Basic HSE information about Taking medicines and set of tools to be used at work.

Taking medicines

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Of greatest concern are tranquilisers, barbiturates like Valium and Librium, antipsychotics and anticoagulants. You should inform your HSE Manager about any medicine, even aspirin, that you take. In combination with other medicines – including those administered in medical emergencies – even such ‘benign’ substances can have undesirable or unpredictable effects.

  1. Before starting work, notify your HSE Manager of any medicines you are taking.
  2. Submit a doctor’s note, if you have one.
  3. Ensure that emergency and rescue workers are also informed as to what medicines you are taking.
  4. For your own safety and that of others, take medicines responsibly and only as prescribed, strictly adhering to the directions!
  5. Some medicines can impair your judgement and/or reaction time.


Most people have been prescribed medication during varying times in their lives. It is important to advise your workplace when such situations occur. Some medicines can impair your judgement and/or reaction time. Most of us don’t take the time to ask either the doctor or the pharmacist about side effects from the medications we are taking, especially whether these drugs could impair our abilities in any way. It is therefore important that your company is aware whenever you are taking medication.


Many medicines have undesirable side-effects. In certain doses they can impair your ability to function properly in the workplace. However, that is not the only danger they present. If you have an accident or are taken ill and the medics or first aiders do not know what medicines you are taking, they could make an incorrect diagnosis and give you the wrong treatment. That could place your life in danger.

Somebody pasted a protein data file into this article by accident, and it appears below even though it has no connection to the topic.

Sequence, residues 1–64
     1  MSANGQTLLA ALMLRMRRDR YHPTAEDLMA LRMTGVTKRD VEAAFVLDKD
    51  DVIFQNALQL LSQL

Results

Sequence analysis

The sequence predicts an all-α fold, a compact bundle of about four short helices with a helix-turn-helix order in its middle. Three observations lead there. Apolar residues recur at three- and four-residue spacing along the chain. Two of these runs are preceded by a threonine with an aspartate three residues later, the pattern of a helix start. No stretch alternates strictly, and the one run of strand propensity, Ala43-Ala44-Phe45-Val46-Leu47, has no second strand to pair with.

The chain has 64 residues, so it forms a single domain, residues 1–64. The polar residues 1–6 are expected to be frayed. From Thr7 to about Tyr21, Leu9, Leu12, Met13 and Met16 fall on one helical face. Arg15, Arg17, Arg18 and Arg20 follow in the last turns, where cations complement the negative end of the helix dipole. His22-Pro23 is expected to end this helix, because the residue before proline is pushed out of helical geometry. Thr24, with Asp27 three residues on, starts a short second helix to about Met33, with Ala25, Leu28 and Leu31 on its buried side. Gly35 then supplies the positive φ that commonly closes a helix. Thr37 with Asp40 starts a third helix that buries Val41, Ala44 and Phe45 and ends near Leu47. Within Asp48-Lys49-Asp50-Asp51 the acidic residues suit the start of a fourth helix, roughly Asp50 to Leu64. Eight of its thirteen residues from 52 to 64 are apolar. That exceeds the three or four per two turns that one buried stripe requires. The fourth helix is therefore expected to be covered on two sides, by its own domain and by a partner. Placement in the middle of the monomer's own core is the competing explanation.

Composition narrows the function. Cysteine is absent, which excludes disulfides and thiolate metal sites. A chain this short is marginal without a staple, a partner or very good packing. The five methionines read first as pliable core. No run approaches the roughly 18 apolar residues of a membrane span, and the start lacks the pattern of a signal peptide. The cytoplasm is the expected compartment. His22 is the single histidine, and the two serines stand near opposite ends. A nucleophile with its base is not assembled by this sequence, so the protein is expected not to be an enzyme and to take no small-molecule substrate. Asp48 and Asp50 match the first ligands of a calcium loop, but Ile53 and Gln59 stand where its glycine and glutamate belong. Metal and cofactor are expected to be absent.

When your doctor prescribes a medicine, or if you are buying an over-the-counter preparation from your pharmacy, questions to ask in relation to safety issues at work include:

  • are there any asscociated problems with taking the medicine in relation to my current or potential future medical conditions?
  • what are the possible side effects, such as drowsiness, and how can I manage these?
  • what are the signs and symptoms of serious reactions that I need to watch out for?

Whether or not a work activity will be safe depends on various factors, including the nature of your medication and the task to be performed.
Before you start working discuss the medicines you take, and their side effects, with your HSE Manager. This includes prescription and non-prescription drugs, and also homeopathic and herbal medicines excluding off-the-shelf products like supplements).


General workplace rules:

  • know the location where you are going to work
  • understand the risks
  • identify potential hazards
  • deal with potential and actual hazards
  • look after your work areas
  • reduce workplace stress
  • take regular breaks
  • use mechanical aids whenever possible
  • wear Personal Protection Equipment (PPE) appropriate to the task
  • if necessary wear additional Personal Protection Equipment appropriate to the task
  • know how to correctly use safety equipment
  • stay sober
  • never work whilst under the influence of drugs or alcohol, as you are a hazard to yourself and your colleagues
  • stay completely alert on the job


Any incident that occurs during work can have a severe impact on people, installations and the environment. Make sure that you are familiar with the right procedure in case incidents occur. If not, ask your company.

Start your daily work with safety!

Onscreen presentation is very useful to use during work preparation or toolbox meetings. It provides short and concrete information. Five questions and answers at the end of presentation can be used to make the meeting more interactive and to give conversation a boost.

Be always prepared for the work!

It is of utmost importance to be well prepared before you start the work.
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